The United States government received the nod from a federal judge in the state of Utah to sell all the seized Bitcoin and Bitcoin Cash from a dark web racket.
After taking down the illicit business, which was run by Aaron Michael Shamo, the federal authorities seized a Ford pickup truck and a BMW car along with 513 Bitcoins and 512 Bitcoin Cash. The combined worth of these assets is nearly $10 million, and they will be sold at an auction.
On March 2017, Shamo was found guilty of conspiracy to distribute a controlled substance, aiding the importation of a controlled substance, intentional adulteration of drugs, use of the US mail in drug trafficking, conspiracy to commit money laundering, and engaging in monetary transactions in property derived from specified unlawful activity, along with his accomplices Drew Wilson Crandall, Mario Anthony Noble, and Sean Michael Gygi.
ACY Securities Supports ASIC’s Product Intervention OrderGo to article >>
After the verdict, the seized assets went to the United States Marshals Service (USMS) for safekeeping. But the government had concerns about safety and asked permission to liquidate them. The government also has to pay a monthly sum of $465 to the USMS for holding the cryptocurrency.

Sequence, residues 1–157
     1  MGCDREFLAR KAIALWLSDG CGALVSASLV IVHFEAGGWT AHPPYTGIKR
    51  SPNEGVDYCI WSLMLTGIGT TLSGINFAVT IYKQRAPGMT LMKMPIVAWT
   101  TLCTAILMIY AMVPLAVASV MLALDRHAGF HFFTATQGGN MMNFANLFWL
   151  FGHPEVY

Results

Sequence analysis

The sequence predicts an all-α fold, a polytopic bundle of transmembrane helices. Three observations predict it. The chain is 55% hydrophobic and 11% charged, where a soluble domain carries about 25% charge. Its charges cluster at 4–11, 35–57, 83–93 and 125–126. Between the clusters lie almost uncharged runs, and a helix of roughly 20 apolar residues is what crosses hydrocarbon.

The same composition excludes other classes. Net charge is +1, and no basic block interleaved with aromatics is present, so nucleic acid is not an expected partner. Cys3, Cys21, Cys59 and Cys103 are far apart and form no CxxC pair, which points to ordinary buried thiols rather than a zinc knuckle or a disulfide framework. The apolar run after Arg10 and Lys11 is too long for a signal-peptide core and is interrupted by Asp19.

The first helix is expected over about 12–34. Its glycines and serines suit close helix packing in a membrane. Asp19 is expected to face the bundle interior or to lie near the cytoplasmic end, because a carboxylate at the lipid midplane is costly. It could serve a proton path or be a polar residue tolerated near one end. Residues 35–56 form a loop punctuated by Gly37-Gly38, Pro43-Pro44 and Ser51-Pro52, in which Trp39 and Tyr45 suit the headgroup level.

A section of the court document reads: “The vehicles [Bitcoin and Bitcoin Cash] have been seized and are in the custody and control of the United States Marshals Service. Every month, the USMS is accruing $465/month in storage fees for these vehicles. The total expenses for these two vehicles currently is $5,010.70. The BTC and BCH have been transferred to a Government wallet. Due to the volatile market for cryptocurrencies, the BTC and BCH risk losing value during the pendency of the forfeiture proceedings.”
As per the court order, the US government has to wait for 60 days to start the sale. The cryptocurrency can be sold at more than one exchange, but they have to be transferred in increments of less than 50 coins to prevent fraud or error.
This is not the first time that the US government is engaging in the selling of seized cryptocurrencies. Last October, the government disclosed the sale 144,336 bitcoins, which were seized after shutting down the infamous Silk Road. In that sale in 2014, the government sold the coins at a rate of $336 per coin, with a total value of $48 million. Today, that same number of bitcoins is worth $2.4 billion.